The goal of this track is to answer questions including but not limited to: How can communities and researchers work together to develop place-based, data-driven community resilience indicators as well as interventions that will better enable residents and businesses to prepare for, respond to, and recover from flooding and other natural disasters? How can these indicators be developed through integrating datasets, creating novel approaches to measure resilience, and unlocking creative interventions to build resilience? What role(s) do new tools and technologies play in these approaches, including sensor technology, real-time data collection and analysis, data integration and privacy methods, and civic engagement techniques? How can communities leverage real-time data, technologies, and civic engagement in order to enhance the resilience of residents and businesses who are at risk of natural disasters? What is the applicability of these indicators to disaster resilience in other communities? How do these resilience indicators relate to communities’ systems and infrastructure (e.g., transportation, water, and energy) and how can those systems enhance residents’ and businesses’ resilience?

Teams in this track should undertake deep community engagement, reaching underrepresented and vulnerable populations. Approaches should consider how to involve residents in the collection of data that inform the community resilience indicators. Teams should consider how residents can be users of the indicators, including methods to build resilience within communities. Finally, teams should propose and pilot interventions that can boost community resilience. The interventions should draw from civic engagement, innovative use of sensors, decision algorithms, and other tools that can both help prepare communities to respond to and recover from these disasters.

For any proposal (in Track A or Track B), the core project team must include civic partners working together with researchers to develop, pilot, and evaluate the proposed project. Civic partners may include local, state, or tribal government officials; non-profit representatives; community organizers or advocates; community service providers; and/or others working to improve their communities. In addition, teams may choose to engage with industry partners. To be true partners in these activities, proposers must include civic partner(s) as senior personnel on the project. For Stage 2, it is strongly encouraged for civic partner(s) to receive an appropriate distribution of funds in the project budget. Although only universities and non-profit organizations are eligible to receive funds directly from NSF, other civic partners and organizations (including local and state governments) may receive funding via subawards from the awardee organization.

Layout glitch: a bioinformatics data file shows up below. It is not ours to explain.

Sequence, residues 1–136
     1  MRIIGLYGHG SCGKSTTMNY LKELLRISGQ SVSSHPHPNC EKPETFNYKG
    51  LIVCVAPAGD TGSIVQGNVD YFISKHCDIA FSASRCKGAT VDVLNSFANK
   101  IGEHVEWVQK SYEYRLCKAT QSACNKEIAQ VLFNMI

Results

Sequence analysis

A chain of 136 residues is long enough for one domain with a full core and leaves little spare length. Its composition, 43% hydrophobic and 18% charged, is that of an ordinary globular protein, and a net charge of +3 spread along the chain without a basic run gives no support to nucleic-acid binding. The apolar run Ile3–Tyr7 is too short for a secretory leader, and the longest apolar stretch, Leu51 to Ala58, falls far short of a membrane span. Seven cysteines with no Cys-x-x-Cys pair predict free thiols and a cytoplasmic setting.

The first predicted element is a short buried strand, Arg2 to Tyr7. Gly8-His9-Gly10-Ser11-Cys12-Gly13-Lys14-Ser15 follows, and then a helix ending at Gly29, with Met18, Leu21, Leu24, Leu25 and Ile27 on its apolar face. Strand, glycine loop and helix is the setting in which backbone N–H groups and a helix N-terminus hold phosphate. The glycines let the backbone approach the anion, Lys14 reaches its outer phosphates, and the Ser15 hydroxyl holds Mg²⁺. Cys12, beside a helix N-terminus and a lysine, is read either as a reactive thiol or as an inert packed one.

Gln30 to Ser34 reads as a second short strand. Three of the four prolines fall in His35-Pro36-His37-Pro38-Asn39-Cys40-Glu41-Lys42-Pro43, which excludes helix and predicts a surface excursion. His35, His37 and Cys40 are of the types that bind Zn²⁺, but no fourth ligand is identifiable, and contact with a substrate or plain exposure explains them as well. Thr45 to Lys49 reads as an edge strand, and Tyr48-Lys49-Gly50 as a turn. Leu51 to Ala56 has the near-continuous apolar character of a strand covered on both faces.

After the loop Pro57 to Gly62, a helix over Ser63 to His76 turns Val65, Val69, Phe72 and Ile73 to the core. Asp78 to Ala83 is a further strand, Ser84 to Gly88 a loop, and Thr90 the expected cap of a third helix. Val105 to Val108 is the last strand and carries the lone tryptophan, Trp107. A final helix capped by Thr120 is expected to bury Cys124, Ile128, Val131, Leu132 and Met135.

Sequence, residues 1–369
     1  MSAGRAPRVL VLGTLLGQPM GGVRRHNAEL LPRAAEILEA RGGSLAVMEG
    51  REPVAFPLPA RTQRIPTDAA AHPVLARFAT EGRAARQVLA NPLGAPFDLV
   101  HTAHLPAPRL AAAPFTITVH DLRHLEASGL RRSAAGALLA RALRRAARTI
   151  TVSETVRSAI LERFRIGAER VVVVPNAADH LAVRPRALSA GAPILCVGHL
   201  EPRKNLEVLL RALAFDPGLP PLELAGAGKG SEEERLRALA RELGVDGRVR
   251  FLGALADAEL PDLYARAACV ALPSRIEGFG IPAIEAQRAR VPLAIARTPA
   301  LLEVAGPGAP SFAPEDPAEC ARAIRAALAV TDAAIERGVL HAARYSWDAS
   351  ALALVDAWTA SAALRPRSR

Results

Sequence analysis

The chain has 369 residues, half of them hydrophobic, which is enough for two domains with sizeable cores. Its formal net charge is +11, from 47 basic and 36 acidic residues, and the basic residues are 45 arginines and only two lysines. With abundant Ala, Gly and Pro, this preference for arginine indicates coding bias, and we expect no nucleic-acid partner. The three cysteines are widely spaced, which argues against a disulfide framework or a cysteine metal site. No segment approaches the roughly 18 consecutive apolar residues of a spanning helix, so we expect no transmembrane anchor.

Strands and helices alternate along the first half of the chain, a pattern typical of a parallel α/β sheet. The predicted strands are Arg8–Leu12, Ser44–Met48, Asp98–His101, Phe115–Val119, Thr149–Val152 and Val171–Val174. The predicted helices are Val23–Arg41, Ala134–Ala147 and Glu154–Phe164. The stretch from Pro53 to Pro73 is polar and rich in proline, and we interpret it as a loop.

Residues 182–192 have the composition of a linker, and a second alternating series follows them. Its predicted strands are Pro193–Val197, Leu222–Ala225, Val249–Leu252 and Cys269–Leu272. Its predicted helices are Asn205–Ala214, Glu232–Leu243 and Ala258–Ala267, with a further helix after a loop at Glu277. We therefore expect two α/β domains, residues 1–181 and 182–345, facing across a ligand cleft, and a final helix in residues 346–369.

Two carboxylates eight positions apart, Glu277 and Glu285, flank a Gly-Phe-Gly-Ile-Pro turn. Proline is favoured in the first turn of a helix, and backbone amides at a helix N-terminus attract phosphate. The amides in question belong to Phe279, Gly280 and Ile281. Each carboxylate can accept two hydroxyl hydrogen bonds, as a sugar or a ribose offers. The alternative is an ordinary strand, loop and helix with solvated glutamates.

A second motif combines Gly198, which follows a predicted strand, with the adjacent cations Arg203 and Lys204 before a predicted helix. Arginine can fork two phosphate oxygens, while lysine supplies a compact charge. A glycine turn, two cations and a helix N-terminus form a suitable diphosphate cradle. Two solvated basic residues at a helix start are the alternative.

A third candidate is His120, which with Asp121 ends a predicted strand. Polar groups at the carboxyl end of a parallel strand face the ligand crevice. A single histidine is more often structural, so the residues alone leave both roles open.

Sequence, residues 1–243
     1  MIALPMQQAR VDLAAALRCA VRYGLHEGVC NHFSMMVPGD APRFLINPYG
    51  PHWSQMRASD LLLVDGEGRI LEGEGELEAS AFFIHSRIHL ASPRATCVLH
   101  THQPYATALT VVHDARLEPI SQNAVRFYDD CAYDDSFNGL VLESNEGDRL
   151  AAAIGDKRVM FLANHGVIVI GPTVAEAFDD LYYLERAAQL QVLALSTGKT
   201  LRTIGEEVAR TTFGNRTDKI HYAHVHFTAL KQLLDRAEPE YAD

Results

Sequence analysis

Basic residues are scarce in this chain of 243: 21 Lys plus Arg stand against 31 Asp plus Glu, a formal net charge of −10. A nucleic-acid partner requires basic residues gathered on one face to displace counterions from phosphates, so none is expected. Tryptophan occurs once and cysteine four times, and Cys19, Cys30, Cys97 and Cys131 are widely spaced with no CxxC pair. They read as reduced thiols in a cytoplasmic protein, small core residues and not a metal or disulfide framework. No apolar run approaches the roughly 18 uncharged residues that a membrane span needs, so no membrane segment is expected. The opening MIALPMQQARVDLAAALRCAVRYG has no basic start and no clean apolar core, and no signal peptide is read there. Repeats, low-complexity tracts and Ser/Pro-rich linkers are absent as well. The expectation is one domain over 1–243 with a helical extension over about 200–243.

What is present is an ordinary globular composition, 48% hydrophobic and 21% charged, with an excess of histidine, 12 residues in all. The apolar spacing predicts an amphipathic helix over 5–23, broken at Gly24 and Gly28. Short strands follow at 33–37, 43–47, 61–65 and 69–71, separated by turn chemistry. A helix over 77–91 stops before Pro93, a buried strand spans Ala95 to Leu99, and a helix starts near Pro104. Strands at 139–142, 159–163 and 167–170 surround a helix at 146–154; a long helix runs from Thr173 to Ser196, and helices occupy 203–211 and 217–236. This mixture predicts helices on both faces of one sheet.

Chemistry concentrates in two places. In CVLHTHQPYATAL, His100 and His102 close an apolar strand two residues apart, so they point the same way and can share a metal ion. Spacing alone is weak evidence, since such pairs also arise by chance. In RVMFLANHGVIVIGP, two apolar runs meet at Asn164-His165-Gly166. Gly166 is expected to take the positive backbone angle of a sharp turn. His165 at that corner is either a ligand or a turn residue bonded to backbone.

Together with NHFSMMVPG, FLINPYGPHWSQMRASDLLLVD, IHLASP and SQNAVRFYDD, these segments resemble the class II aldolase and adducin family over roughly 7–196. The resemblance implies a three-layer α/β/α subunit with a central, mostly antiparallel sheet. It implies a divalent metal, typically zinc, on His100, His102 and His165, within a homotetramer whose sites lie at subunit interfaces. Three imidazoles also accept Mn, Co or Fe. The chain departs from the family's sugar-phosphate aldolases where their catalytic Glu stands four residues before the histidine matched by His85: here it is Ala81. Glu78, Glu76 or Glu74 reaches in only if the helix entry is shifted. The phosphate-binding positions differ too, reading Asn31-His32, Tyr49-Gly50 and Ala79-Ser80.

For this solicitation, civic engagement activities, communities, and academic and civic partners must be based in the United States. This may involve state, local, and/or Federally recognized Indian tribal governments. A "state" means any of the states of the United States, the District of Columbia, the Commonwealth of Puerto Rico, any territory or possession of the United States, or any agency or instrumentality of a State exclusive of local governments. A "local government" means a county, municipality, city, town, township, local public authority, school district, special district, intrastate district, council of governments (whether or not incorporated as a nonprofit corporation under state law), any other regional or interstate government entity, or any agency or instrumentality of a local government. A “federally-recognized Indian tribal government" means the governing body or a governmental agency of any Indian tribe, band, nation, or other organized group or community (including any native village as defined in Section 3 of the Alaska Native Claims Settlement Act, 85 Stat. 688) certified by the Secretary of the Interior as eligible for the special programs and services provided through the Bureau of Indian Affairs.

NSF is committed to broadening participation among underrepresented groups, institutions, and geographic regions, which is essential to the health and vitality of our Nation. Teams are encouraged to work directly with members of underrepresented groups as team members and/or to carry out civic engagement activities. Examples of underrepresented groups include but are not limited to women, persons with disabilities, African Americans/Blacks, Hispanic Americans, American Indians, Alaska Natives, Native Hawaiians, Native Pacific Islanders, and persons from economically disadvantaged backgrounds.

Proposals should anticipate providing Institutional Review Board (IRB)/Institutional Animal Care and Use Committee (IACUC) approvals as appropriate prior to award.

B. Project Categories

The CIVIC program comprises two stages. Stage 1 (Planning Grants) focuses on capacity-building to prepare project teams to propose well-developed Stage 2 (Full Award) proposals. Stage 1 projects will be selected through an open proposal submission, while only Stage 1 participants will be allowed to submit proposals for Stage 2. For Stage 2 projects, the PI must be the same as Stage 1, but other changes in the team composition are allowable. The Stage 2 projects are focused on developing and piloting solutions to community challenges in the two tracks.